Written by Rebecca Selden, Nereus Program Fellow

At the 4th International Symposium on the Effects of Climate Change on the World’s Oceans, scientists and natural resource managers from 50 nations came together in Washington D.C. to discuss how climate change is impacting ocean ecosystems and fisheries. All the big names in the field were in attendance, and the 5 days of presentations crystallized for me how far we have come in understanding what climate change will mean for ocean systems. But we still have a long way to go before we achieve climate-ready ocean resource management.

To this end, there was much discussion of Sustainable Development Goals (SDGs), which are 17 targets defined by the United Nations to achieve a better world. But the importance of the SDG pertaining to the oceans isn’t resonating with many decisionmakers. “A survey was conducted with 3,500 leaders in the developing world…and the result was that SDG #14, Life Under the Oceans, was the least important sustainable development goal out of all of them,” said Gretta Pecl, Director of the Centre for Marine Socioecology at the University of Tasmania.

Only 5% of leaders in the developing world ranked the ocean SDG in their top 6 priorities for their country’s development. Climate action didn’t rank much higher at ~20%. We clearly need to do better to illustrate the importance of sustainable oceans to global leaders; these sobering statistics reinforced for me the importance of the Nereus program report led by Gerald Singh to quantify the co-benefits of achieving the ocean development goals for the other SDGs. With limited resources, other development objectives may need to be prioritized first, but we can map out how these choices might limit or expand our capacity to achieve the ocean goals.

Just as society ultimately was locked into use of the internal combustion engine despite simultaneous development of electric engines, Beth Fulton, research scientist at CSIRO, argued that options considered for resource management can be equally constrained by past management decisions. She cited the ubiquitous focus on “Maximum Sustainable Yield” despite our growing understanding of the importance of taking a more holistic ecosystem approach to sustainable fisheries management as an example. This phenomenon of “path dependence” may be particularly true for adapting to climate change. Avoiding the combustion engine of ocean resource management requires more forward-thinking research.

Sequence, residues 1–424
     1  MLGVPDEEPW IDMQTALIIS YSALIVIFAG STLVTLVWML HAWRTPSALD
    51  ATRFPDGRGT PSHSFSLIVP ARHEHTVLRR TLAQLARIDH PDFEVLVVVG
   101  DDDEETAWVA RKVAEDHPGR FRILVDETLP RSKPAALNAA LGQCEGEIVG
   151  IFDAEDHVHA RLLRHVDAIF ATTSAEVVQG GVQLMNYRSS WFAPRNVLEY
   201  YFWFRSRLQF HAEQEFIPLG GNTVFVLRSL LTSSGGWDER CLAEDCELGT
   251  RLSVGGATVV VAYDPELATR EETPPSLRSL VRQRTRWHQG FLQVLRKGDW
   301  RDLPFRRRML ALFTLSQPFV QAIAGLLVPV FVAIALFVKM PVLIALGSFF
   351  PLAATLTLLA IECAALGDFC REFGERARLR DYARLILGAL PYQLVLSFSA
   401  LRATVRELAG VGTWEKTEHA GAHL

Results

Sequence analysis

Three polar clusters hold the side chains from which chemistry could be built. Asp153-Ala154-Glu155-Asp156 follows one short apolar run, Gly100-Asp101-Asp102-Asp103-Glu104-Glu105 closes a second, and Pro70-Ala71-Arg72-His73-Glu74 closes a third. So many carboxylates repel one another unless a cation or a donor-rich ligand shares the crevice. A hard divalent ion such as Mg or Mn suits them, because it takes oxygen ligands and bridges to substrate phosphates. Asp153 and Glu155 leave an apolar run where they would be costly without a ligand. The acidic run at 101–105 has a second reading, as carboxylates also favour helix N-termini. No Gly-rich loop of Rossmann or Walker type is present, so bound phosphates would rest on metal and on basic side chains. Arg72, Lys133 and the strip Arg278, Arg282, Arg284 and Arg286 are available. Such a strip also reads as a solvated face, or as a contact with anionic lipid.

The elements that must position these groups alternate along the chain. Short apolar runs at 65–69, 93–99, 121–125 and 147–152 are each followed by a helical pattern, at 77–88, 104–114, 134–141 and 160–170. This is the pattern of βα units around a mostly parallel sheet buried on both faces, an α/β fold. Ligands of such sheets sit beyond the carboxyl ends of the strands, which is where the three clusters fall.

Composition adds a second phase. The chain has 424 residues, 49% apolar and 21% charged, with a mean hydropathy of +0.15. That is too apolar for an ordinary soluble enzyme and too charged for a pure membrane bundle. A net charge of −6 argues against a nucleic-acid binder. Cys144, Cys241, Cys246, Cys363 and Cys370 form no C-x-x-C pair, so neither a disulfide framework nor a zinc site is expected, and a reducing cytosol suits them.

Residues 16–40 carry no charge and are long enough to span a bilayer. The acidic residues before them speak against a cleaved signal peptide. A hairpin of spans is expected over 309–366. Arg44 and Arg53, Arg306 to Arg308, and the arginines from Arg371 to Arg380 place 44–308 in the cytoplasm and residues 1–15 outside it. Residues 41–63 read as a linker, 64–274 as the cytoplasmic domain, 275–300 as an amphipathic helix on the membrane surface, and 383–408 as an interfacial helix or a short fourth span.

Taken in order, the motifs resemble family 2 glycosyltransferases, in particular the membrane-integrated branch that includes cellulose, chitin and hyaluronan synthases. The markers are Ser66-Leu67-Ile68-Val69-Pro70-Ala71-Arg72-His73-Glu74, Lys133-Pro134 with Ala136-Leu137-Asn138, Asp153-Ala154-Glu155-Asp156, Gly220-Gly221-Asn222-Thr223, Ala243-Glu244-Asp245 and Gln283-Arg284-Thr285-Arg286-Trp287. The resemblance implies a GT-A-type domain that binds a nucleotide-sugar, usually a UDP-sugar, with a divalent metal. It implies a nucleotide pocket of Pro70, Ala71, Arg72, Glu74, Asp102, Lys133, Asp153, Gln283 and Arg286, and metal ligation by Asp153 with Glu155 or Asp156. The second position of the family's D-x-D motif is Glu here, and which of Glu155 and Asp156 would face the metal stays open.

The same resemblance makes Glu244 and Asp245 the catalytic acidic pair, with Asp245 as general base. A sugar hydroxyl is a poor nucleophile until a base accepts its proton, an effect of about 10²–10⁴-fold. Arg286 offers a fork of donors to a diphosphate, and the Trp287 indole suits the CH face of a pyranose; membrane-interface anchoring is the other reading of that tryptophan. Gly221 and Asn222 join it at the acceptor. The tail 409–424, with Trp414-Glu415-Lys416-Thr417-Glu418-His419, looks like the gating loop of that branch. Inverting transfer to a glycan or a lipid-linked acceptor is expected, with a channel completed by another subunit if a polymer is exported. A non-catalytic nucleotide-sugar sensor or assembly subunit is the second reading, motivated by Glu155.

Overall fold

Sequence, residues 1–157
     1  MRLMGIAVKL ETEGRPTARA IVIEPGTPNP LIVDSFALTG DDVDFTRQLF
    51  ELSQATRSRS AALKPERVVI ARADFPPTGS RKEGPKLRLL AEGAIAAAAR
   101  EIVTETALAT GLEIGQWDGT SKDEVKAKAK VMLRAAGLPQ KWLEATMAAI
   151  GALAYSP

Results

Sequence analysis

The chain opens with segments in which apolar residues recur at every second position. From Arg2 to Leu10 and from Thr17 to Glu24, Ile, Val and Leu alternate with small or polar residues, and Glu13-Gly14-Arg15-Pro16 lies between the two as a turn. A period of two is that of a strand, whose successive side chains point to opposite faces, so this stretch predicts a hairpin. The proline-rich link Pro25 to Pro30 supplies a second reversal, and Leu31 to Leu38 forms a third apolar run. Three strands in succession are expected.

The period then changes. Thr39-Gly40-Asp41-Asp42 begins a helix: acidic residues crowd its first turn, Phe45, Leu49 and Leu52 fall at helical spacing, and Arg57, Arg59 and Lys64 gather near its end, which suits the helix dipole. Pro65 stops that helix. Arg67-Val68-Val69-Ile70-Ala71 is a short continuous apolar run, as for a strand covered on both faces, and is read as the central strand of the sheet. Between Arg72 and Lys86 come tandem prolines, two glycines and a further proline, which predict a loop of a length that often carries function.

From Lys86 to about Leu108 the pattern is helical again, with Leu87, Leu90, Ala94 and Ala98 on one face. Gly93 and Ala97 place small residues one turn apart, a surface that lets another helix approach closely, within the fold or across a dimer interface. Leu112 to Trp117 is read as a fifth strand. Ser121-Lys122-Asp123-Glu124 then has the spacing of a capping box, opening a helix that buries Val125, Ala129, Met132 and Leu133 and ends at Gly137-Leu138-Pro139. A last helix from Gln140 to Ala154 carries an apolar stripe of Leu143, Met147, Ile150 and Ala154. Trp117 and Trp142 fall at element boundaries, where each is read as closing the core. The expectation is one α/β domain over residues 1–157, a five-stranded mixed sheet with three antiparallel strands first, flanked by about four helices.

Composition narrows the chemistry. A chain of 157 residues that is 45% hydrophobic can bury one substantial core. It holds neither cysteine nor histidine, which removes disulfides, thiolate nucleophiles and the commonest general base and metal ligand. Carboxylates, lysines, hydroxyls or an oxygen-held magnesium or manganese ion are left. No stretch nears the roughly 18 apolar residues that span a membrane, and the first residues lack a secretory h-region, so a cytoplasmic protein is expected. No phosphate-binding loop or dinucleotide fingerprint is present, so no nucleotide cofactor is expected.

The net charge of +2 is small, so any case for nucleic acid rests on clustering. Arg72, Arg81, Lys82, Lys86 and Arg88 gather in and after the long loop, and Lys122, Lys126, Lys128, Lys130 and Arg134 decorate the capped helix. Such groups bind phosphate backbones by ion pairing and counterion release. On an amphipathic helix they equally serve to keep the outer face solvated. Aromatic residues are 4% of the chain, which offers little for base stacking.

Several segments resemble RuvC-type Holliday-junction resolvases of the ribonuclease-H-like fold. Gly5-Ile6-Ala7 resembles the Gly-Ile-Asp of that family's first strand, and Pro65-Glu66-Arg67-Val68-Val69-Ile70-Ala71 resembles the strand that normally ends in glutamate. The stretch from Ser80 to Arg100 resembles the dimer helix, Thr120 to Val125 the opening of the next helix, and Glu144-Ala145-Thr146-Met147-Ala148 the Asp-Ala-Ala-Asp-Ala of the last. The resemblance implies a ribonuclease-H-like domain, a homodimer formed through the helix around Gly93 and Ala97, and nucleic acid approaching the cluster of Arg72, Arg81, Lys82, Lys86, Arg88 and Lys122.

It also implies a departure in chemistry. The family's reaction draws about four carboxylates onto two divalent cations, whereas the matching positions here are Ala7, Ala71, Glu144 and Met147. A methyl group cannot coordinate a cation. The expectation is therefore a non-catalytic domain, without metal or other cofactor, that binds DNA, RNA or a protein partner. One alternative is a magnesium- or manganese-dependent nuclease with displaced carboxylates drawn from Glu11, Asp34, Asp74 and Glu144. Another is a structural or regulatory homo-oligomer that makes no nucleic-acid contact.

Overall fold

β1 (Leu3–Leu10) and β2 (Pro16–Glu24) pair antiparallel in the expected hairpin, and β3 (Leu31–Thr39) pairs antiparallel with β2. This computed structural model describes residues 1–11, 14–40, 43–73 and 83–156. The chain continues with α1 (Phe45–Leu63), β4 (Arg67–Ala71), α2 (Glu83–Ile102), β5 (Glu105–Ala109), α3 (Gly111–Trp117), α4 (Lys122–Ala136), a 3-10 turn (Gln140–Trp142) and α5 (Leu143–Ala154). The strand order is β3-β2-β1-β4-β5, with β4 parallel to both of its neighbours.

In my work, I aim to highlight how fishing communities have adapted to past climate variability to inform how we might facilitate future adaptation strategies. In particular, I’ve found that fishermen are more likely to switch target species than to follow the fish they targeted in the past as those fish move pole-ward to avoid warming waters. But even this strategy is becoming more difficult as permits become more and more specialized. Combined with the inherent slow pace of making changes to management, our work on future projections of species distributions and other Nereus work on fisheries catch, and the potential for conflict can provide a vision of what’s on the horizon, and allow management processes to begin now, so that they can be proactive rather than reactive.

One way scientists can help make that a reality is by engaging directly with policy makers. Taking advantage of the conference’s location in DC and coincidence with Capitol Hill Oceans Week, my colleague Malin Pinsky and I had the opportunity to discuss our recent paper with senate offices during the final day of the conference. In many cases, staffers were former Knauss Fellows (a marine policy fellowship) who had a sophisticated understanding of ocean issues. In others, we met with staffers with backgrounds in finance or education, and we had to modify our message to ensure it was more broadly relevant and accessible.

Across the board, I was encouraged by the interest in the issues we raised, and found the senate office for Corey Booker in our home state to be particularly committed to continued interaction with us and other Rutgers scientists to ensure that New Jersey’s ocean policies are evidence-driven and forward-thinking.

The second way to generate greater buy-in is by connecting better with the media. The conference had several special events focused on communicating science with the media, including a mock press conference where leading scientists were grilled by a panel of journalists from the New York Times, the Guardian, National Public Radio, Science Magazine, and Oceans Deeply. The stakes were raised even further at an evening event, where scientists had an open mic to deliver a 2-minute pitch of their science. For at least one of these scientists, the effort paid off with news coverage a few days later of their issue.

While I didn’t take the stage myself, seeing what worked and didn’t, in combination with formal COMPASS training I received a few months back, will make me more confident in making my science relevant for today’s news cycle and being a key player in moving from the study of climate impacts to finding ocean solutions.


Edited by Victoria Pinheiro, Nereus Program Strategic Communications Lead